Physical condition linked to lower Alzheimer’s risk; Benefits of less meat consumption; and more

Physical condition linked to lower Alzheimer's risk;  Benefits of less meat consumption;  and more

Study: Physical fitness may reduce your risk of developing Alzheimer’s disease

Physical fitness is a major contributor to a healthier life, helping to reduce the risk of heart disease, certain cancers and other chronic diseases. A new study sponsored by the United States indicates that being fit can also reduce your risk of developing Alzheimer’s disease.

The study looked at nearly 650,000 military veterans, with an average age of 61, in the Veterans Health Administration database. The researchers monitored their health for an average of nine years. None were diagnosed with Alzheimer’s disease at the start of the study, which was published this week and will be presented at the 74th Annual Meeting of the American Academy of Neurology in Seattle in April.

The study participants were divided into five groups, from least fit to most fit. The group of veterans with the lowest fitness level developed Alzheimer’s disease at a rate of 9.5 cases per 1,000 person-years, compared to 6.4 cases per 1,000 person-years for the fittest group. The case rate decreased as fitness level increased.

“The idea that you can reduce your risk of Alzheimer’s disease simply by increasing your activity is very promising, especially since there are no adequate treatments to prevent or halt the progression of the disease,” said study author Edward Zamrini, MD, of the Washington VA Medical Center in Washington, DC, and fellow of the American Academy of Neurology, in a press release. “We hope to develop a simple scale that can be individualized so people can see the benefits that even incremental improvements in fitness can bring.”

The researchers also adjusted for other factors that might affect a person’s risk of Alzheimer’s disease. The adjustment reinforced their initial findings: “People in the fittest group were 33% less likely to develop Alzheimer’s disease than those in the least fit group.”

The study was supported by the National Institute on Aging, part of the US National Institutes of Health, US Department of Veterans Affairs, Washington DC VA Medical Center and George Washington University.

Lower risk of certain cancers linked to vegetarians or those who eat little meat

A large UK study found that people who don’t eat a lot of meat may have a 9% lower risk of developing colorectal cancer than “regular” meat eaters. The researchers concluded that the less meat a person eats on a regular basis, the lower the risk of certain cancers, with meatless vegetarians having the lowest risk of all.

Overall, the study results indicate that specific dietary habits, such as being a “low meat eater”, vegetarian or pescatarian (one who does not eat meat but eats fish) can have a significant impact on the reduced risk of certain cancers. The study was published in the journal BMC Medicine and co-funded by the World Cancer Research Fund and Cancer Research UK.

Compared to regular meat eaters, those who eat small amounts of meat have a 2% lower cancer risk, while pescatarians – who eat fish and vegetables – have a 10% lower risk. Vegetarians are 14% less likely to develop cancer.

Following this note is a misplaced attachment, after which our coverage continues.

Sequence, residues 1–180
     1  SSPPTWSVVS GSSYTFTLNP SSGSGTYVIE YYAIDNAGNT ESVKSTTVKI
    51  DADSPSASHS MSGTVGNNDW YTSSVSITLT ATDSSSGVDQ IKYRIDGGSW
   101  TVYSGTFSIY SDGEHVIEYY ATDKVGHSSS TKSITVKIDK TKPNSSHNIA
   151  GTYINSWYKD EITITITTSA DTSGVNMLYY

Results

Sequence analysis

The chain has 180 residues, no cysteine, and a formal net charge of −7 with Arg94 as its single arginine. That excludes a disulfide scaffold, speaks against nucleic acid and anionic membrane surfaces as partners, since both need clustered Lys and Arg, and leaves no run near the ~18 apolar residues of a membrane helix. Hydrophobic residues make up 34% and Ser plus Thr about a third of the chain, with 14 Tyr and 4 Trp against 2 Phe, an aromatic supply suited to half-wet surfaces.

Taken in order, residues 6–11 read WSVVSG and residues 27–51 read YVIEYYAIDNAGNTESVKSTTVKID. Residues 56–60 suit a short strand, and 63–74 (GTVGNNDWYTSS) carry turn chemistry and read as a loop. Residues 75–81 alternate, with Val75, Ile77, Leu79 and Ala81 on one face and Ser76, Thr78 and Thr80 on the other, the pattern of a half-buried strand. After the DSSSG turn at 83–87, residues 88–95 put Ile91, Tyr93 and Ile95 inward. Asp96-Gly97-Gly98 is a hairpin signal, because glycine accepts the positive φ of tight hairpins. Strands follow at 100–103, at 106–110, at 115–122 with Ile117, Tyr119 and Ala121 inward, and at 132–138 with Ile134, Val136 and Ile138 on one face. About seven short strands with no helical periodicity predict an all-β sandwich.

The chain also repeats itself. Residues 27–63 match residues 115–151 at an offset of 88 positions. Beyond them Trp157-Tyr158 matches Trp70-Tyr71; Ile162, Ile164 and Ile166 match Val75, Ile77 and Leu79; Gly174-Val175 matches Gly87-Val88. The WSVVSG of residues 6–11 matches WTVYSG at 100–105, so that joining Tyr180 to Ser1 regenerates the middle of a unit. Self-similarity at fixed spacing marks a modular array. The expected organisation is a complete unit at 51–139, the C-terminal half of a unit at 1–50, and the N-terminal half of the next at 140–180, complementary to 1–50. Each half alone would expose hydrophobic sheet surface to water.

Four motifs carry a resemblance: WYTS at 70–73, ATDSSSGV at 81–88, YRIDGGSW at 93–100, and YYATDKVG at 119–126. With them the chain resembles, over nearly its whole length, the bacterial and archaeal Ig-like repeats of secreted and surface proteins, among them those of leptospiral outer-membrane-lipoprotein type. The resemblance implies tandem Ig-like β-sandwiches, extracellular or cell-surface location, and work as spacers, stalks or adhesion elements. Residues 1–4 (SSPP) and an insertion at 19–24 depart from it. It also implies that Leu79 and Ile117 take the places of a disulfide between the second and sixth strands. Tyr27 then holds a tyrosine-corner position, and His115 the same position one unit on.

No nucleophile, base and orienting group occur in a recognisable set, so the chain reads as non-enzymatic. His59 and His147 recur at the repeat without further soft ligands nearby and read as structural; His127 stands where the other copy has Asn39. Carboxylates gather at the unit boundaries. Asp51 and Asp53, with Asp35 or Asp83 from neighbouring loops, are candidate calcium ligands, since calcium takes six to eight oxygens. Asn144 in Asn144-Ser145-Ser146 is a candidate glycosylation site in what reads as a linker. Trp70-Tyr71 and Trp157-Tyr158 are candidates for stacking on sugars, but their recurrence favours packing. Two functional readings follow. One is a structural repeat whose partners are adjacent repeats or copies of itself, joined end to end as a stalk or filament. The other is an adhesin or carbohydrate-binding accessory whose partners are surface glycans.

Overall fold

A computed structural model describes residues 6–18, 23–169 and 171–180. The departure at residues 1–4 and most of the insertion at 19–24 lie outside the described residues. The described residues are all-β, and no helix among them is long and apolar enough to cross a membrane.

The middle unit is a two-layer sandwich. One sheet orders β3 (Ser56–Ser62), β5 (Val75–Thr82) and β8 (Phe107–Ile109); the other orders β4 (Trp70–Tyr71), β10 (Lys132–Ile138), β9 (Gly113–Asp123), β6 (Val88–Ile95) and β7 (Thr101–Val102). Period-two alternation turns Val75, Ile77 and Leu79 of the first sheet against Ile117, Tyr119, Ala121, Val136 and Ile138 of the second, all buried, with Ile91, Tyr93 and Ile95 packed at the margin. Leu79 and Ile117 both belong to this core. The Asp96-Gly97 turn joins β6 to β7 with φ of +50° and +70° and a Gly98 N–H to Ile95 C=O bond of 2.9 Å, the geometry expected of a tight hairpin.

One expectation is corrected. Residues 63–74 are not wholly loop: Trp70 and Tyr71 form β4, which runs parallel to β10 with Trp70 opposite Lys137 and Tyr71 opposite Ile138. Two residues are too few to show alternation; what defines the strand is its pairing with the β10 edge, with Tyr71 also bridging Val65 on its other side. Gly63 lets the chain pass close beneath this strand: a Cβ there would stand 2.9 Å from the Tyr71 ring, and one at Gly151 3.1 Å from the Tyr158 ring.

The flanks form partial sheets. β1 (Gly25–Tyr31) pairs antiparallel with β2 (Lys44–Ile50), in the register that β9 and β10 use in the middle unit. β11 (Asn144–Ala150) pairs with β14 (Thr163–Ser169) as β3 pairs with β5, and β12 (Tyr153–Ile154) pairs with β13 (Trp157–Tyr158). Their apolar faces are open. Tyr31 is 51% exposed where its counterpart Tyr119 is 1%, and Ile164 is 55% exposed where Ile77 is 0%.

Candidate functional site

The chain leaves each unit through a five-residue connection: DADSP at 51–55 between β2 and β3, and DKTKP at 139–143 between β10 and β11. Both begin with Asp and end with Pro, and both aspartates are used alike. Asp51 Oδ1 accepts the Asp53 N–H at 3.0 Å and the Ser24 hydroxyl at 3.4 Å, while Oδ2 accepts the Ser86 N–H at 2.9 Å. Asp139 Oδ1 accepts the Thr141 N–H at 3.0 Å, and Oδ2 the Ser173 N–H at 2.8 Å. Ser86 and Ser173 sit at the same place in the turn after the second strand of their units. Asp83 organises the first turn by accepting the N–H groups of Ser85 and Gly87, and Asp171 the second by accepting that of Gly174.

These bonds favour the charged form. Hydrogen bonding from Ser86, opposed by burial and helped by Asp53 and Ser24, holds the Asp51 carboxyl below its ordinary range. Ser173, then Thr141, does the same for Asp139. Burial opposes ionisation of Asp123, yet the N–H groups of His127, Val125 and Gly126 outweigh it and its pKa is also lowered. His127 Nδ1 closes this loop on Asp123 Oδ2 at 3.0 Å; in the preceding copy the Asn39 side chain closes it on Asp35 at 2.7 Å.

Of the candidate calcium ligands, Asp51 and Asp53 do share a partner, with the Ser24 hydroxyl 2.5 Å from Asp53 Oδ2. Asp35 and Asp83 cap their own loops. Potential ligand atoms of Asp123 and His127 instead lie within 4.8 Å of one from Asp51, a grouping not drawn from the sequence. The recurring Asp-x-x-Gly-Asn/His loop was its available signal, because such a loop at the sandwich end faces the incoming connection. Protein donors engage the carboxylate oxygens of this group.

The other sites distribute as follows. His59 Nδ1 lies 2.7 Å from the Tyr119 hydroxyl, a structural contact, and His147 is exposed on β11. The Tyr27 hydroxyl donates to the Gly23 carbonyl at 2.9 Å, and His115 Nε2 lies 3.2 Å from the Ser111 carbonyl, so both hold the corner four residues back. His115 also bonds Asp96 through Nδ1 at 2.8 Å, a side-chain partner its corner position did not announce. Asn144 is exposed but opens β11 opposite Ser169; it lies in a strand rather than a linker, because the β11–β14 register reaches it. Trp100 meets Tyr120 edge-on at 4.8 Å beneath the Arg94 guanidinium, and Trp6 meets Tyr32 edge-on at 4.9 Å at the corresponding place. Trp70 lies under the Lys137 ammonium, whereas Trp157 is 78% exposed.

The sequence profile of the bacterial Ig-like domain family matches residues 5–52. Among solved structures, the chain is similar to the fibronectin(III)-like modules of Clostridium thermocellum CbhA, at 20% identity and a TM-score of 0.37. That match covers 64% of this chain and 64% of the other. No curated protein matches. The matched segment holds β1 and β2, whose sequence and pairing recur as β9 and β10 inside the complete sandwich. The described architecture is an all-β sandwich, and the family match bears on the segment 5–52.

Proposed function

Specifically, low meat eaters had a 9% lower risk of developing colorectal cancer. Vegetarian women were 18% less likely to be diagnosed with postmenopausal breast cancer, compared to women who ate a regular amount of meat. The risk of prostate cancer in men was significantly reduced in vegetarians (31% less) and fish eaters (20%), compared to regular meat eaters.

Researchers from the University of Oxford looked at data on 472,377 British adults taking part in the UK Biobank study between 2006 and 2010. The age range of the participants was between 40 and 70. They were asked about their eating habits, focusing on how often they ate meat, fish and vegetables.

More than half, or 52%, ate meat more than five times a week, while 44% of participants said they ate meat five times or less a week. Only 2% said they ate fish but no meat, and 2% described themselves as vegetarian or vegan.

DC study: Omicron caused high transmission rates within households

According to a new study by US Centers for Disease Control and Prevention (CDC).

But infection rates were higher in households with unvaccinated family members, including children under age 5 who are not eligible for vaccination at this time, the study found.

The researchers found that when the first infected person in the household wore a mask and stayed in a separate room at least some of the time, the risk of spreading the virus to others was significantly lower.

“Multi-component COVID-19 prevention strategies, including up-to-date vaccination, isolation of infected individuals, and use of masks in the home, are important to reduce household transmission of Omicron,” concluded the CDC.

The study of household transmission in four US states found that the Omicron variant was spreading aggressively in a home where children under 5 tested positive. These children, who are not yet eligible for vaccines and are usually in close contact with their parents or relatives, have spread the virus to 72% of household contacts – the highest rate of any age group, said the CDC.

The CDC study involved 183 households where someone was infected with the Omicron variant. Household members were asked about their vaccination status, precautionary measures taken at home, and whether they had tested positive or had become ill from COVID. The researchers found that Omicron had spread to about two-thirds of households.

Tags: Alzheimer, COVID-19, exercise and fitness, nutritional advice